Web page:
Even on a city-wide and regional scale, competition prevails over teamwork, with sometimes adverse outcomes. Metropolitan region governance is not by far an issue restricted merely to Bucharest. London, Paris, Frankfurt, Amsterdam have all faced the challenges of matching functional urban regions to administrative ones. Some have answered these through partnerships and cooperation between different municipalities, others have created special regional planning bodies.
What make the case of Bucharest unique are the challenges of both intra-city and inter-regional governance. As any capital city, it manages to attract resources and people at the expense of other areas and engages in complex and dynamic relationship with its surrounding region, the Ilfov County. But the lack of a regional planning body and the disproportionate power relations between the city and the smaller surrounding municipalities have made cooperation difficult. Some of the municipalities in the surrounding area still lack proper infrastructure, such as sewage or running water. There is no integrated (public) transport system, which makes residents dependent on their car for commuting. Households have been in charge of development themselves, usually by purchasing land and developing it, through single-family units. And, unsurprisingly, since the region ranks high in terms of GDP compared to the rest of the country (both a blessing and a curse), it will be less targeted for basic infrastructure investments through EU funding. But the Ilfov County has proven to be economically dynamic, with a number of sectors growing steadily (logistics, creative industries, R&D) and overall offers a better alternative and quality of life to inner city socialist housing estates.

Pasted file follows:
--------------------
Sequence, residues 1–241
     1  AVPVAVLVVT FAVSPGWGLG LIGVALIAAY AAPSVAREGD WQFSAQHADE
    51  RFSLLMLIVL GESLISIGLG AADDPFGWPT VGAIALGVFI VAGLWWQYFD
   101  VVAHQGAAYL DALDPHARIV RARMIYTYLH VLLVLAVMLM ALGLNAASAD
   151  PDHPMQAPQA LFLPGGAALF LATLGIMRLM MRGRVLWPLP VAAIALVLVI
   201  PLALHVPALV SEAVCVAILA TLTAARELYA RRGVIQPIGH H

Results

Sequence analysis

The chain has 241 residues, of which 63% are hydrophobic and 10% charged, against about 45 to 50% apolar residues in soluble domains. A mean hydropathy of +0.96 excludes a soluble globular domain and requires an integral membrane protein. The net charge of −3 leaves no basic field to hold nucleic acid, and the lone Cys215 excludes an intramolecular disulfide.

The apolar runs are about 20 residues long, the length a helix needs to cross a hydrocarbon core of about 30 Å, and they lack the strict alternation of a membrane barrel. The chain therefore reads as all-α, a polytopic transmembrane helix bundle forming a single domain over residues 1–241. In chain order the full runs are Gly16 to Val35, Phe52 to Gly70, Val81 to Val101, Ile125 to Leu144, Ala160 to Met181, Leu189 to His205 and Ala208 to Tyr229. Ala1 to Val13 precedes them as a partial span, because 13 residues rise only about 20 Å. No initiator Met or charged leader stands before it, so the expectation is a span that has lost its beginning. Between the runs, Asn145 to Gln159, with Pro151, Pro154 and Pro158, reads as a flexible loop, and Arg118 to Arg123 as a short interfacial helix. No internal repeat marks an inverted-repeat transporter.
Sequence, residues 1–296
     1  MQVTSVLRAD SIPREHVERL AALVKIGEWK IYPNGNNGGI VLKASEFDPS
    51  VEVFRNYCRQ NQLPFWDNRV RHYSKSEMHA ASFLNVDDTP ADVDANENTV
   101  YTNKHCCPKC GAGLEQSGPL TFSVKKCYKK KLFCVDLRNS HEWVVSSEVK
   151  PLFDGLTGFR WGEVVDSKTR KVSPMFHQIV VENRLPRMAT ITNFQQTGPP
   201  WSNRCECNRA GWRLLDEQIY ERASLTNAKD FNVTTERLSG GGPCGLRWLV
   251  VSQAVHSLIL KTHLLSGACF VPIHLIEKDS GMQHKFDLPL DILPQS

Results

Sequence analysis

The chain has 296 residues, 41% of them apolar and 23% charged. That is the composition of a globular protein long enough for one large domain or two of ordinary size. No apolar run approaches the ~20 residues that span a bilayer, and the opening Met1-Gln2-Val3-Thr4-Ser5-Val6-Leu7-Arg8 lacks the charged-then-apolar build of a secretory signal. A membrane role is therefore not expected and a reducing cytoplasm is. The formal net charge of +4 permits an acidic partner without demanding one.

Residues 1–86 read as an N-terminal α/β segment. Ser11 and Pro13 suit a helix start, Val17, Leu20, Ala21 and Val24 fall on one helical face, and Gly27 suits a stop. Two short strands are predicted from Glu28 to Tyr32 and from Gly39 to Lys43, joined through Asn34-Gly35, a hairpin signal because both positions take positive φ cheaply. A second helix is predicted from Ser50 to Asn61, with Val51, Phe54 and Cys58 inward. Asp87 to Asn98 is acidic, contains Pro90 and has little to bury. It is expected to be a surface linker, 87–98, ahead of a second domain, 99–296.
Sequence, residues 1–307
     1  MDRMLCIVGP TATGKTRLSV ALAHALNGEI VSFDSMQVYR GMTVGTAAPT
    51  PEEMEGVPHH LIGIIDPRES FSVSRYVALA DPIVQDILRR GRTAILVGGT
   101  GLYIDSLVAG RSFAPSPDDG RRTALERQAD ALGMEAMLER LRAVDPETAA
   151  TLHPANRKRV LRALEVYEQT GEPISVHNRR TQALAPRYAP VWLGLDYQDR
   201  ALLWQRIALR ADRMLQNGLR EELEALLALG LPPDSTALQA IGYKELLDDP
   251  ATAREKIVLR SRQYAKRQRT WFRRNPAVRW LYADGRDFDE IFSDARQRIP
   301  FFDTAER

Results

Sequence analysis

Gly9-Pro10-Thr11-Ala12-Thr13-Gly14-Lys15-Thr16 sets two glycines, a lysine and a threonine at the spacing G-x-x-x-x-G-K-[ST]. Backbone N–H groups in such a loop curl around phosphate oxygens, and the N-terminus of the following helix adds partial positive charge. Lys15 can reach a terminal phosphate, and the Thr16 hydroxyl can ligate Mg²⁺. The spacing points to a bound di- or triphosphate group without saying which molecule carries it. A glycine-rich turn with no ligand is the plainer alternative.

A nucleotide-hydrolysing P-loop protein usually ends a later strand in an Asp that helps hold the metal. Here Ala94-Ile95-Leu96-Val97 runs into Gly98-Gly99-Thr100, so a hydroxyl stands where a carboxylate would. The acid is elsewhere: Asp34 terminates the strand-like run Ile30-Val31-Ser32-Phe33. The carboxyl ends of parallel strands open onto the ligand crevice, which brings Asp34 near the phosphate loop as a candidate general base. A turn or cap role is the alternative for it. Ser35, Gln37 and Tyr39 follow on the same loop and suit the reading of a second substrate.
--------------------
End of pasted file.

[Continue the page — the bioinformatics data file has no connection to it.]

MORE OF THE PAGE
At the intra-city level, administration continues to pose challenges. The 6 sectors of the city – each having its own district Mayor and Council – administer a territory that spans from the city core towards its edges, in a proportional radius which doesn’t necessarily match functional boundaries. This means coordination of plans, strategies and policies is sometimes problematic, as it is the case for the city’s centre, whose area is divided between the 6 districts.
But besides the challenges of privatisation and regional fragmentation mentioned above, there are clear signs of change. NGOs are filling the social void left after socialism and are pushing for sustainable urban development. A new generation of planners and researchers with a different mind-set is eager to change the framework and scope of planning. And Bucharest is still one of the fastest growing urban areas of the EU.
Market mechanisms added new layers to the resistant city, but it looks like a new ruling logic is about to arrive: This time, it could finally be a more just compromise between private property interests and the greater common good, with a strategic outlook that combines local and private interests with the bigger societal and regional perspective.
MSc Regional and Urban Planning Studies at the London School of Economics and Political Science. President / co-founder of Creative Room (Bucharest, Romania). Interest areas: regional planning and policy, participatory planning, urban regeneration.
MSc Regional and Urban Planning Studies at the London School of Economics and Political Science. BSc in Planning from TU Dortmund University, work experience in Urban Design (Albert Speer & Partner, Germany). Interest areas: land economy, transport, public policy, comparative urbanism.